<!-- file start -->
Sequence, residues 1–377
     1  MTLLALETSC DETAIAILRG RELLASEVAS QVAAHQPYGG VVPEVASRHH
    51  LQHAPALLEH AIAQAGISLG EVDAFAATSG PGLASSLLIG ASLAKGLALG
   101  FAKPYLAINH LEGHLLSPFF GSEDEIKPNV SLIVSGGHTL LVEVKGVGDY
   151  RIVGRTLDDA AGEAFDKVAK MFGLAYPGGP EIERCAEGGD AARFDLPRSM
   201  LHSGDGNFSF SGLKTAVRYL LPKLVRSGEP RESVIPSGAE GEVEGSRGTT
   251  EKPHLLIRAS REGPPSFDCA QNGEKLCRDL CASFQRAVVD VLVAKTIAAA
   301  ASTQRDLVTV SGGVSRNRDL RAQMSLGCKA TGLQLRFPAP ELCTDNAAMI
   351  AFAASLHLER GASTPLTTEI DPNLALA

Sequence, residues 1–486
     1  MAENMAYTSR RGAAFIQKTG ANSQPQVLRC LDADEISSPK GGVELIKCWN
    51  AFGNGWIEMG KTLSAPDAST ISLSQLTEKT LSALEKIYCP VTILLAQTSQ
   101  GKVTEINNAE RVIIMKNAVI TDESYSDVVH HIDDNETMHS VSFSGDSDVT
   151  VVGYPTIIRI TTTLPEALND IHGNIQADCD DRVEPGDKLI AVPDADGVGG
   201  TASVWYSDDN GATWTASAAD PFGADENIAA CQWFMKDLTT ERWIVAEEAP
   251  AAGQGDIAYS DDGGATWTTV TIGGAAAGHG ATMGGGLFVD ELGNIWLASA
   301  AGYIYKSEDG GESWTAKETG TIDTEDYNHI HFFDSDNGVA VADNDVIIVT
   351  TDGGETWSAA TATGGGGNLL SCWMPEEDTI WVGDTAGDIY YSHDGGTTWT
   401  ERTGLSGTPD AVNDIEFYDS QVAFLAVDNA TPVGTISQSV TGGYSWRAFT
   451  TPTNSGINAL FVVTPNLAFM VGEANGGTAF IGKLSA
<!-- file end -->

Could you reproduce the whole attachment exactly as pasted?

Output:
Sequence, residues 1–377
     1  MTLLALETSC DETAIAILRG RELLASEVAS QVAAHQPYGG VVPEVASRHH
    51  LQHAPALLEH AIAQAGISLG EVDAFAATSG PGLASSLLIG ASLAKGLALG
   101  FAKPYLAINH LEGHLLSPFF GSEDEIKPNV SLIVSGGHTL LVEVKGVGDY
   151  RIVGRTLDDA AGEAFDKVAK MFGLAYPGGP EIERCAEGGD AARFDLPRSM
   201  LHSGDGNFSF SGLKTAVRYL LPKLVRSGEP RESVIPSGAE GEVEGSRGTT
   251  EKPHLLIRAS REGPPSFDCA QNGEKLCRDL CASFQRAVVD VLVAKTIAAA
   301  ASTQRDLVTV SGGVSRNRDL RAQMSLGCKA TGLQLRFPAP ELCTDNAAMI
   351  AFAASLHLER GASTPLTTEI DPNLALA

Sequence, residues 1–486
     1  MAENMAYTSR RGAAFIQKTG ANSQPQVLRC LDADEISSPK GGVELIKCWN
    51  AFGNGWIEMG KTLSAPDAST ISLSQLTEKT LSALEKIYCP VTILLAQTSQ
   101  GKVTEINNAE RVIIMKNAVI TDESYSDVVH HIDDNETMHS VSFSGDSDVT
   151  VVGYPTIIRI TTTLPEALND IHGNIQADCD DRVEPGDKLI AVPDADGVGG
   201  TASVWYSDDN GATWTASAAD PFGADENIAA CQWFMKDLTT ERWIVAEEAP
   251  AAGQGDIAYS DDGGATWTTV TIGGAAAGHG ATMGGGLFVD ELGNIWLASA
   301  AGYIYKSEDG GESWTAKETG TIDTEDYNHI HFFDSDNGVA VADNDVIIVT
   351  TDGGETWSAA TATGGGGNLL SCWMPEEDTI WVGDTAGDIY YSHDGGTTWT
   401  ERTGLSGTPD AVNDIEFYDS QVAFLAVDNA TPVGTISQSV TGGYSWRAFT
   451  TPTNSGINAL FVVTPNLAFM VGEANGGTAF IGKLSA